As veterans assembled, their hands in rigid salute, Kristen McPeak paused – just a moment, as flags fluttered in the breeze. Then her soprano voice rose to the heavens, as she sang the national anthem during SUNY Broome’s annual Veterans Day ceremony.
Music is both gift and passion for McPeak, who is majoring in Vocal Performance and Education and will graduate this May. It has helped her cope with life’s travails, from homelessness to health issues, and has inspired her daily since the fourth grade.
In return, she would like to offer her gift to God, as a member of a religious order.
“Ever since I was little, I was interested in the religious life,” said the Maine-Endwell graduate, explaining her future plans. “It’s always been in the back of my mind.”
The singer is no stranger to poverty, one of the three traditional vows of a nun. When she was a young teen, divorce sent her family into a spiral of housing insecurity. Along with her mother and younger brother, she lived in a hotel, at her grandparents’ house and even at a women’s shelter for a while, until they secured a much-needed apartment. They lived there for seven years – only to be evicted this last Thanksgiving, when the landlord decided to move into the unit.
Now, they’re living again with McPeak’s grandmother, who has Alzheimer’s disease. In return, they do the tough work of caring for her – which is fine with McPeak, who had initially majored in social work. After two years of study, she opted against a career in the field and decided to pursue music instead.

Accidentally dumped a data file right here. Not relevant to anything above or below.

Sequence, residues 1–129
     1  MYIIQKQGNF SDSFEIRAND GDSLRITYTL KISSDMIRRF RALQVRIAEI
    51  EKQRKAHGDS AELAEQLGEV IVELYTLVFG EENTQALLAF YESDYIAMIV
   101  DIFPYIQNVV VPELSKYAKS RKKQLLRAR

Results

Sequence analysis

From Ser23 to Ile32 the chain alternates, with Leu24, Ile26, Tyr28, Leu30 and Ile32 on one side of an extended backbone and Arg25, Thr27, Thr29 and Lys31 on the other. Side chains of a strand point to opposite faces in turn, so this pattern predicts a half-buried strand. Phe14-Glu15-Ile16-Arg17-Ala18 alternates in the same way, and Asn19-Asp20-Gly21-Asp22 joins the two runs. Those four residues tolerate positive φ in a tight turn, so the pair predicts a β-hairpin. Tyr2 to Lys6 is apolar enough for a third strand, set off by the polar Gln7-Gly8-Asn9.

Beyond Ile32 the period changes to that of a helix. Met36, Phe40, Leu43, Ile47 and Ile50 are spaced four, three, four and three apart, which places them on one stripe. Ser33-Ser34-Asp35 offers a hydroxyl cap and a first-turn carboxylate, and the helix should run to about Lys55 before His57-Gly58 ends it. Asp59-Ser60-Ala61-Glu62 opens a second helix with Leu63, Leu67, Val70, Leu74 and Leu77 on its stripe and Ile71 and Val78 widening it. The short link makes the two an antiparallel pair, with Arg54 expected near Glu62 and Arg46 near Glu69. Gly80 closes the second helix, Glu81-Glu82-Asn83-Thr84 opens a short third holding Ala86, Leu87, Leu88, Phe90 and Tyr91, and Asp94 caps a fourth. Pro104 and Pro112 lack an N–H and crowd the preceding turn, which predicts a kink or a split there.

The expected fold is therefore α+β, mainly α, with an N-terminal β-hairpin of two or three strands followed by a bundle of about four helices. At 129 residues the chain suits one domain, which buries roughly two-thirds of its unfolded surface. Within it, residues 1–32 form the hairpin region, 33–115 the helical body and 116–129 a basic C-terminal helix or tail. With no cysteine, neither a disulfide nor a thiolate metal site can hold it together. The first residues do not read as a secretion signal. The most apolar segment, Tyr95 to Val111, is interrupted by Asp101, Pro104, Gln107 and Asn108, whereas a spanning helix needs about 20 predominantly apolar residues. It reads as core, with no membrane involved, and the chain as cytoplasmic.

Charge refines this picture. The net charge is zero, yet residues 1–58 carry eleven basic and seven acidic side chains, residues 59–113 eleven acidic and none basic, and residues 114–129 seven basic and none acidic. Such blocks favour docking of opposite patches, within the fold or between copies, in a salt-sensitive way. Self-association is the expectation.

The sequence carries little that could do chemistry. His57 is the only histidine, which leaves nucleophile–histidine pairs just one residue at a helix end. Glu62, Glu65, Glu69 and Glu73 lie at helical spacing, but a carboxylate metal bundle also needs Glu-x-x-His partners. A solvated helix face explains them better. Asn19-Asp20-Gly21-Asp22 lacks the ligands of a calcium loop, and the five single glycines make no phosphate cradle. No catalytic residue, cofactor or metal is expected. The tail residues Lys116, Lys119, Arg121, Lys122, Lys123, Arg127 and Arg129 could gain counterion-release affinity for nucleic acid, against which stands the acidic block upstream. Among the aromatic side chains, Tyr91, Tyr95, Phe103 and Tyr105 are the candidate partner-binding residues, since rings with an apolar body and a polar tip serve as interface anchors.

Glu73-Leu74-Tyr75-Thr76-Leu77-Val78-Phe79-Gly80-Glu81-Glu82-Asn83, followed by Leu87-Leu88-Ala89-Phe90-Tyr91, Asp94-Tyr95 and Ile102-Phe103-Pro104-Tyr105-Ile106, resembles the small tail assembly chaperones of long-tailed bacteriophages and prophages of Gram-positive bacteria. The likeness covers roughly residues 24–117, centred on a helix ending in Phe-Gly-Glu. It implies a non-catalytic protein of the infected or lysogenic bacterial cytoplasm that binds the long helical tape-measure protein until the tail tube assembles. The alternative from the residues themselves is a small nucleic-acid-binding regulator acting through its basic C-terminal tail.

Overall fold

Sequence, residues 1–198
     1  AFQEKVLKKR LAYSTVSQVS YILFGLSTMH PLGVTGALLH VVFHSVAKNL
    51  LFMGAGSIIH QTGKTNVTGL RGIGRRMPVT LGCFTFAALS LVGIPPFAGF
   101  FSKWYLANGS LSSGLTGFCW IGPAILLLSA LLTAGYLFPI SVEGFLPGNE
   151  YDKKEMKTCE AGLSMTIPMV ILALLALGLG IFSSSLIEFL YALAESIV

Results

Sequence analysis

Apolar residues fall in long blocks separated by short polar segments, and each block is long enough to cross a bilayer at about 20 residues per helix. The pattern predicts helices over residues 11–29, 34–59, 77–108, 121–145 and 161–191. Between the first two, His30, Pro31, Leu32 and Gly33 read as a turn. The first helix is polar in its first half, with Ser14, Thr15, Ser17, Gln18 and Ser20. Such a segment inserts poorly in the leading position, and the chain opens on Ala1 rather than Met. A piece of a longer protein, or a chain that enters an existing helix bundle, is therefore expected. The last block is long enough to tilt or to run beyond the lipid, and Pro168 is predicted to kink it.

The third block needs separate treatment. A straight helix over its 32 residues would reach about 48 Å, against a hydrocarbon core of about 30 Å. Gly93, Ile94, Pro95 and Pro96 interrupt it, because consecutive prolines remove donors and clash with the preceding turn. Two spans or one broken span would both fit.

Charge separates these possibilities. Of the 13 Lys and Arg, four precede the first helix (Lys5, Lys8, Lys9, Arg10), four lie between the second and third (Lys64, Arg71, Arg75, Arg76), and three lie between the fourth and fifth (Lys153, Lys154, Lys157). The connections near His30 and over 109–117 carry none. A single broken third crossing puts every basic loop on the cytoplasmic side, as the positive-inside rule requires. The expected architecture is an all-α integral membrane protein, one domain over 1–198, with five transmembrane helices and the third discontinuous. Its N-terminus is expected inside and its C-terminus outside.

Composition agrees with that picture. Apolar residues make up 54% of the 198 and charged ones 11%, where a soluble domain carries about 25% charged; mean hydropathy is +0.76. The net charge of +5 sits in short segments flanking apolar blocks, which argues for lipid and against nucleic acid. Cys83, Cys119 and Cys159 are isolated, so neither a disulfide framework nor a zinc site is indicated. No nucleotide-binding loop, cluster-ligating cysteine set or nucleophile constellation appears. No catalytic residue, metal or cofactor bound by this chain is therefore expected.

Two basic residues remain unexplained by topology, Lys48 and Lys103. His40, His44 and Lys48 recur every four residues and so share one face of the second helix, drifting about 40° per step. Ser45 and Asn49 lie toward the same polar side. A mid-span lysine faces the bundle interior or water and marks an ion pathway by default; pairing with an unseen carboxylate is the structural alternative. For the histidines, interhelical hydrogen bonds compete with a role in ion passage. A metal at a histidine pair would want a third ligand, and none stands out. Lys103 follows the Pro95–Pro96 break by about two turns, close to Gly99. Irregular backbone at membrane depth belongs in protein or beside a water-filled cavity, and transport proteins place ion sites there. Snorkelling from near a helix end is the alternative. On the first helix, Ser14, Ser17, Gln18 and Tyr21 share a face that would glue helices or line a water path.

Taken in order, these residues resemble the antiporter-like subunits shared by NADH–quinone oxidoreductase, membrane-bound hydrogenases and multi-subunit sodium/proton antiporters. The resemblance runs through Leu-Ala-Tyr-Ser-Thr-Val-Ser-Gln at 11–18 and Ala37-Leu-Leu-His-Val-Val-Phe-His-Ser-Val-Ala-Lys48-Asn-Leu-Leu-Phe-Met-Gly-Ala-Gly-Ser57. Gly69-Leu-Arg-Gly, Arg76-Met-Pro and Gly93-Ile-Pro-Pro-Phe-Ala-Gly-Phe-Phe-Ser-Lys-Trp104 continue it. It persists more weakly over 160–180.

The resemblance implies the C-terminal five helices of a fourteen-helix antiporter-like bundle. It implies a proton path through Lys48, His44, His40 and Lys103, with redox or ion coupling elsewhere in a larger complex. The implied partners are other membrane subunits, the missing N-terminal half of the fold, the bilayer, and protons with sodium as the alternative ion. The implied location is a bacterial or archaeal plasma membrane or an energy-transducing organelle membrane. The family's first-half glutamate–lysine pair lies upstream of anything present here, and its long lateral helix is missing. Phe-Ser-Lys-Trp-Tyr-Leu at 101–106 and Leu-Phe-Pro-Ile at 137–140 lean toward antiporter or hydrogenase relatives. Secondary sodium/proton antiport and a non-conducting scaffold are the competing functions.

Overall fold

“I knew I was the type of person who would take my work home with me. I wouldn’t be able to separate myself from it,” she said of social work.
SUNY Broome was the logical choice for her future. Substantial grants and aid paid for her education, along with a little help from a church scholarship.
She has found both opportunities to practice her art and a community ready to embrace her. As vice president of the Music Club, she and her fellow students organize events and aid instructors in the program. She and fellow music students frequently hang out together in the Campus Services lounge, catching up after class.
“I love those guys,” she said. “If someone’s morale is down, everyone chips in to cheer them up. It’s a nice community there.”
A mission of music
Commencement is an exciting time for Kristen, who acknowledges that achieving her degree has taken nearly five years. That includes both her change in programs, as well as time off to deal with health issues.
She plans to transfer to Hartwick College for a degree in music education, and then join the New York City-based Sisters of Life, founded in 1991 by John Cardinal O’Connor, the Archbishop of New York. While older orders often have education available on site for future nuns, the Sisters of Life encourages its future members to earn their college degrees beforehand.
“The Sisters of Life want you to get a four-year degree so you can get a taste of the world,” explained McPeak, adding that she was drawn by the order’s pro-life emphasis.
Life may have presented challenges to Kristen McPeak, but also gifts and grace. In return, she hopes to give back to the world, sharing her faith and her love of music with new generations.
“I think that my music was a gift to share with other people, and to help spread the love of being a Catholic and loving Jesus – to use that as a tool to teach people,” she said. “It’s what makes me get up in the morning.”